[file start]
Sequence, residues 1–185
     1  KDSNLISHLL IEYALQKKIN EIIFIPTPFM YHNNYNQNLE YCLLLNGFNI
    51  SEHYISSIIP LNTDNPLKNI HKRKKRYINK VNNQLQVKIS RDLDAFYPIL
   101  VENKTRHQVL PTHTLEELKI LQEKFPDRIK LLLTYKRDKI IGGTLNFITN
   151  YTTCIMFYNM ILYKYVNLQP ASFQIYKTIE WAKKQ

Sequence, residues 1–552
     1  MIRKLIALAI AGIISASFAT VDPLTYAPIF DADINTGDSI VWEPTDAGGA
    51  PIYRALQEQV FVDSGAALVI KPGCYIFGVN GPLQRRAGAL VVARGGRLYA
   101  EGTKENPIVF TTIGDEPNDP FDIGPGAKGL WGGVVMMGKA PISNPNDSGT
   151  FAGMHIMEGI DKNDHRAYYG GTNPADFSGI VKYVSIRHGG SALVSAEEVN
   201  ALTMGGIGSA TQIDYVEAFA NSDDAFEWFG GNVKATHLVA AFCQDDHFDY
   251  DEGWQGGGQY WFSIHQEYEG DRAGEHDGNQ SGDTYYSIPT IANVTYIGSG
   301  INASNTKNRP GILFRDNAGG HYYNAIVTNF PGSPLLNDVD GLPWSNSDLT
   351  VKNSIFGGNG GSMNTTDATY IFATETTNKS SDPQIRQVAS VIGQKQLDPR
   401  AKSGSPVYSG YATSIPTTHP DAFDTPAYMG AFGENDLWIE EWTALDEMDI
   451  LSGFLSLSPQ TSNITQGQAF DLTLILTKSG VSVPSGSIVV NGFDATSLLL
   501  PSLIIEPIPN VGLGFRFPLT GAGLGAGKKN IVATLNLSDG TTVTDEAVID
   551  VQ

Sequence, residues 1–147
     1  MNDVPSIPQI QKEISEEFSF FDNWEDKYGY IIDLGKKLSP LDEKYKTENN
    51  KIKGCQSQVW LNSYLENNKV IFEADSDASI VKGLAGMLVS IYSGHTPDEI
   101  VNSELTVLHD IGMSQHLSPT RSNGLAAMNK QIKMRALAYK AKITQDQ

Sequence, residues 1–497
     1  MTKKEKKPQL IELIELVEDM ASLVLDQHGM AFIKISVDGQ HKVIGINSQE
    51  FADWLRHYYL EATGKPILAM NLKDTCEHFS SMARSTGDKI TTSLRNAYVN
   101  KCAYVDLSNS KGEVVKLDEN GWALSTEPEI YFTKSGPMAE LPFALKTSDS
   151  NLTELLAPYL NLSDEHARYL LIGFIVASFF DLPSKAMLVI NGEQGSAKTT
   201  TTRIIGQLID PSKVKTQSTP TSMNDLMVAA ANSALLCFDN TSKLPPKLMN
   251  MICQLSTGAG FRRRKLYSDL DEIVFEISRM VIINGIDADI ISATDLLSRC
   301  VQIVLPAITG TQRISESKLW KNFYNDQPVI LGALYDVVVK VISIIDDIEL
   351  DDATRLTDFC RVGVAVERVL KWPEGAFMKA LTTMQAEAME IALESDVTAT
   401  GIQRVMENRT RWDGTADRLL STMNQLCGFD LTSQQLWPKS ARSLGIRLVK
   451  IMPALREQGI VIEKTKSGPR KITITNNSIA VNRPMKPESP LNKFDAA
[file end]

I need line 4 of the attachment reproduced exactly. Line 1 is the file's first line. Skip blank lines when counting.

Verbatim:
   101  VENKTRHQVL PTHTLEELKI LQEKFPDRIK LLLTYKRDKI IGGTLNFITN